You will need approx 4 passionfruit for ½ cup pulp.

Makes 1¾ cups

passionfruit curd recipe

Photography by SUE STUBBS | Blog designed by RED PEPPER GRAPHICS

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Posted under harvest
Posted on 14th January 2011

cook | passionfruit

By MANDY SINCLAIR

passionfruit melting moments recipe

Passsionfruit melting moments

250g butter, at room temperature
½ cup pure icing sugar
1 ½ cups plain flour
½ cup custard powder
passionfruit curd, for filling (see recipe in the Harvest post)

1. Preheat oven to 160C or 140C fan. Line 2 baking trays with baking paper.
2. Using an electric mixer, beat butter until creamy. Add sugar and beat until light and fluffy. Mix in flour and custard powder until mixture forms a soft dough. Refrigerate for 20 mins, until slightly firm.
3. Roll teaspoons of dough into balls and place on prepared trays. Press lightly with a fork, to flatten. Bake for 15 mins, until golden. Cool on wire racks.
4. Spread a little passionfruit curd onto one biscuit and sandwich together with another. Repeat with remaining biscuits and curd. Chill until ready to serve.

Makes 20 filled biscuits


tip ….
Fill biscuits just before serving. Store unfilled biscuits in an airtight container.


try this ….
Passionfruit ice cream cake – strain the pulp from 5 passionfruit and stir the juice through 1 litre of softened vanilla ice cream. Spread a little over base of a store-bought double sponge. Sandwich together with remaining sponge. Spread remaining passionfruit ice cream over the top and sides of the cake, to completely cover. Freeze for 3-4 hours until firm. Cut into slices to serve.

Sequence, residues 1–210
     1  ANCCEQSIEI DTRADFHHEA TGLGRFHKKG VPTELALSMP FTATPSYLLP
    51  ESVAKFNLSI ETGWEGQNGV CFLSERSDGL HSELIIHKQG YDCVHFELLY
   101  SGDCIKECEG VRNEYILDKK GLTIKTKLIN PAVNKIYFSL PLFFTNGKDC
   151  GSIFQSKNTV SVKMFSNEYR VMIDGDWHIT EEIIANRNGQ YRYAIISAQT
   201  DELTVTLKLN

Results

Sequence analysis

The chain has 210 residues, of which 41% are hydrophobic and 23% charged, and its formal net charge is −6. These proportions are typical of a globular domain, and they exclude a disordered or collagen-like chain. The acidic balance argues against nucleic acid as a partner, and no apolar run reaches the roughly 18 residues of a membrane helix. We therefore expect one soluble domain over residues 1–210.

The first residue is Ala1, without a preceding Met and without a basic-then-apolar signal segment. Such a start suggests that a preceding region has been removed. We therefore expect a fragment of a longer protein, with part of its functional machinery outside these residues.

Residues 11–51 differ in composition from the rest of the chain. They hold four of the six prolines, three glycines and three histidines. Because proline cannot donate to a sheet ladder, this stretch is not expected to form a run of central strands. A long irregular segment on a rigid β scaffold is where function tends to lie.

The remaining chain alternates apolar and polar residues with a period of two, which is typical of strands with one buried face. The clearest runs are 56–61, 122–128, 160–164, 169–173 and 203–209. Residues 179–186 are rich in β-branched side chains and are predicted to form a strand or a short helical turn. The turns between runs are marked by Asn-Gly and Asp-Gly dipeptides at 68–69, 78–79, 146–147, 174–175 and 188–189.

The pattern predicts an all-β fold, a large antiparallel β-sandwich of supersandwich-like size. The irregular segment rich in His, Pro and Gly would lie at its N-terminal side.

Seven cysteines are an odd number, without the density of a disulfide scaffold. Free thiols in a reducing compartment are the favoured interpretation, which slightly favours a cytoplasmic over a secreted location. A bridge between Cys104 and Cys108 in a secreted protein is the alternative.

Photography by SUE STUBBS | Blog designed by RED PEPPER GRAPHICS

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Posted under cook
Posted on 1st January 2011

grow | salad bowl

By MEREDITH KIRTON

growing a salad bowl

January is a time when thoughts of green salads and fresh, healthy ingredients is never far from your mind.  So it makes sense that growing your own salad greens so you have a salad “on tap”.  Salad green can come in a many colours and flavours, from the sweet crispness of ‘Icebergs’ to the nutty taste of rocket, to the lemony tang of sorrel or the bitterness of endive.  What many people don’t realise is just how simple and fast it is to bypass the shops and grow your own straight on the back doorstep.

What leafy greens mostly need plenty of water and regular feeding, without which they can become bitter.  They also want free draining soil (or Australian Premium Standard Potting Mix).  What most people don’t do is prepare the beds well enough with loads of organic matter, like home made compost, worm manure from your farm, rotted or pelletised manure, even well composted grass clippings can be dug through.  This helps build up the nutrition of the soil and build its structure so that it holds water well and will be the best thing you can do for either clay or sand soils.